Snail and Puppy are friends
Puppet pals help young students talk about feelings
The COVID-19 pandemic has changed virtually every aspect of our lives, and it’s more important than ever that students have the tools and resources to safely address their feelings and emotions. That’s exactly why our district is committed to offering the best, most impactful Social Emotional Learning resources possible.
Social Emotional Learning (SEL) is all about giving students the knowledge, attitudes, and skills necessary to understand and manage their emotions. It helps them achieve positive goals, feel and show empathy for others, establish and maintain positive relationships, and make responsible decisions.
Last year our School Board formally adopted a new Social Emotional Learning Curriculum for elementary and middle schools, and our teachers and social workers spent the year giving students the foundational knowledge to use the curriculum.
Snail and Puppy are two puppets from the Second Step curriculum that teachers can use to help younger students talk about emotions. As kids learn to recognize the emotions the two puppet pals are expressing, they can learn to recognize those emotions in themselves and their peers. Snail and Puppy also help demonstrate problem solving skills for dealing with conflict.
“We are so proud of the work that our teachers are doing with Social Emotional Learning and using the Second Step curriculum with our kids,” said Dr. David Hammond, Assistant Superintendent for Elementary Schools. “This was an important piece going into this remote learning model and all the challenges that families are facing right now.”
Hammond said elementary teachers start their live Zoom sessions using the SEL curriculum.
“We’ve found that’s really beneficial,” he said. “We think starting out that way each day, in a positive way and with that lesson, is really helping.”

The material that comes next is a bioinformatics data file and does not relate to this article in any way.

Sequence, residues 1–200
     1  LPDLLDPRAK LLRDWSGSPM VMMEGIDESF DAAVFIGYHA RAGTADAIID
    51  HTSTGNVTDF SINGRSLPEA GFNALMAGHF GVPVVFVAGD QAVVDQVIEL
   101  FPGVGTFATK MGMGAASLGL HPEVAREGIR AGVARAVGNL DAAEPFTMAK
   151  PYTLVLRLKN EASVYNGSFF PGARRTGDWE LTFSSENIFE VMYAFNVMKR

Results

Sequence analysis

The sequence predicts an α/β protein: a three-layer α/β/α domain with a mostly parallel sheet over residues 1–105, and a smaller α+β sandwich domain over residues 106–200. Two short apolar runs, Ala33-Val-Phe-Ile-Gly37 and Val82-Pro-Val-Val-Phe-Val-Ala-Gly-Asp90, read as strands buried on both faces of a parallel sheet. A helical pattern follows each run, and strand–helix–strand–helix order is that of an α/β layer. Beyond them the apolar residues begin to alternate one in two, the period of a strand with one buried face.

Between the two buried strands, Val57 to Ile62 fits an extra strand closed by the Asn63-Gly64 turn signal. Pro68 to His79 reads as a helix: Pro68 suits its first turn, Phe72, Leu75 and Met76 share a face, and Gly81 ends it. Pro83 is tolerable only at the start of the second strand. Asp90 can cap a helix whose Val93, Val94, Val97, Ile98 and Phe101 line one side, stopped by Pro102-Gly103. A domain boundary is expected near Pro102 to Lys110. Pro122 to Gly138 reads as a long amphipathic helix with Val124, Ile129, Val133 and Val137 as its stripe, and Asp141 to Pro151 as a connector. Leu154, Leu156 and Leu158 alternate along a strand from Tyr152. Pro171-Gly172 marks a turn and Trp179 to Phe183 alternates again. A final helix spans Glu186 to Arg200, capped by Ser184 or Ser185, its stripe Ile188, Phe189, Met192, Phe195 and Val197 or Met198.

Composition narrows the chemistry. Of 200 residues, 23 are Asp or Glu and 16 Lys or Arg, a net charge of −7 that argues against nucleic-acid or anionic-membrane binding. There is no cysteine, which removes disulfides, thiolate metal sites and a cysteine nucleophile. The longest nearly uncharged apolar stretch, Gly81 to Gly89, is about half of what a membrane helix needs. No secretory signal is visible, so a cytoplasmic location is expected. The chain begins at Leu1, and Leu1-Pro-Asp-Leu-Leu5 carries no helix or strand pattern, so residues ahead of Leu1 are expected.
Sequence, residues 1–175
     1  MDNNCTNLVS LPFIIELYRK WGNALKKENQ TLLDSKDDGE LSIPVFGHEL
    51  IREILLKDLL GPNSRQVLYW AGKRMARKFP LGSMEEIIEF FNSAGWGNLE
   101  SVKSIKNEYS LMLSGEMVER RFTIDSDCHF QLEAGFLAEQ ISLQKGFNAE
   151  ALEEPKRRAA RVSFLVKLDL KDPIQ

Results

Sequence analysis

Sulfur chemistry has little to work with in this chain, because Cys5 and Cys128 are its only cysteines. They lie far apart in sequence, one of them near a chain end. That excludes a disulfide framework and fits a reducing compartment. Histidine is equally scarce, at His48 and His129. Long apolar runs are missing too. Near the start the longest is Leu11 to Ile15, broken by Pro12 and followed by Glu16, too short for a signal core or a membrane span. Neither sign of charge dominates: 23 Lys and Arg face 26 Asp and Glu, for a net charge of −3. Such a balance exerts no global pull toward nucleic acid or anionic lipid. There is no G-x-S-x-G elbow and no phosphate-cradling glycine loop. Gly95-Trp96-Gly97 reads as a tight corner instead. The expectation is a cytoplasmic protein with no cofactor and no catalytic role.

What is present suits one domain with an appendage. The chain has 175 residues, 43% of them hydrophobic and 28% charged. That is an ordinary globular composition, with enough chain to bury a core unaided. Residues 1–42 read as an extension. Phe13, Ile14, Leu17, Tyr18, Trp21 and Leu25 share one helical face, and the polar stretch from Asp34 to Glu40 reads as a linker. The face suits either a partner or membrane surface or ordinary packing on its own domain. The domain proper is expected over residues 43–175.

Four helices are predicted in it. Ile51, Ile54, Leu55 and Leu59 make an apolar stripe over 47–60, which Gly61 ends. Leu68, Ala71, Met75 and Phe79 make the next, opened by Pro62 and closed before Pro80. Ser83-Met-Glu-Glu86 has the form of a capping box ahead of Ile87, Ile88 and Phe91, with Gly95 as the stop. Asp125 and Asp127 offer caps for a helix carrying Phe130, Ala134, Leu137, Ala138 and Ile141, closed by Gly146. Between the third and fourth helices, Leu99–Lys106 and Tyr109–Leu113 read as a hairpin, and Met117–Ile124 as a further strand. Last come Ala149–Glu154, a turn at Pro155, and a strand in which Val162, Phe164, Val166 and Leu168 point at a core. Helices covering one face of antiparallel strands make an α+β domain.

Camilla Fredrikson, who teaches first grade at Spanaway Elementary, is already using several resources in her Social Emotional Learning toolkit. She admits the move to distance learning hasn’t always been easy from a SEL standpoint, but she says her students have been receptive and responsive to the changes.
“It is definitely a lot of work, but it feels like I have had the opportunity to make more connections with families, in more meaningful ways, in a shorter amount of time,” Fredrikson said.
SEL at middle and high schools
Our middle and high schools are also focused on connecting with students and families.
“The SEL piece is huge,” said Dr. Jennifer Bethman, Assistant Superintendent of Secondary Schools. “Our teachers are doing a great job of taking time to connect with our students, which is really big, and making sure that they have a sense of how kids are doing.”
Bethel Middle School Principal Julie Schultz-Bartlett said her teachers have been using Advisory time several times a week to host virtual “circles” with students.
“Our circles employ the chat feature of Zoom for simple quick responses, and gives all students an equal chance to provide their voice. Some students also unmute or turn on their video to share their views,” said Schultz-Bartlett. “We’ve had to adapt our strategies, but the goal remains to connect with every student and build a community of learners.”
“Teaching remotely is really, really hard,” Bethman said, but our teachers are making sure our students have what they need to be successful.
“A big ‘hats off’ to our teachers,” she said. “They are working hard and they’re making a difference for our kids.”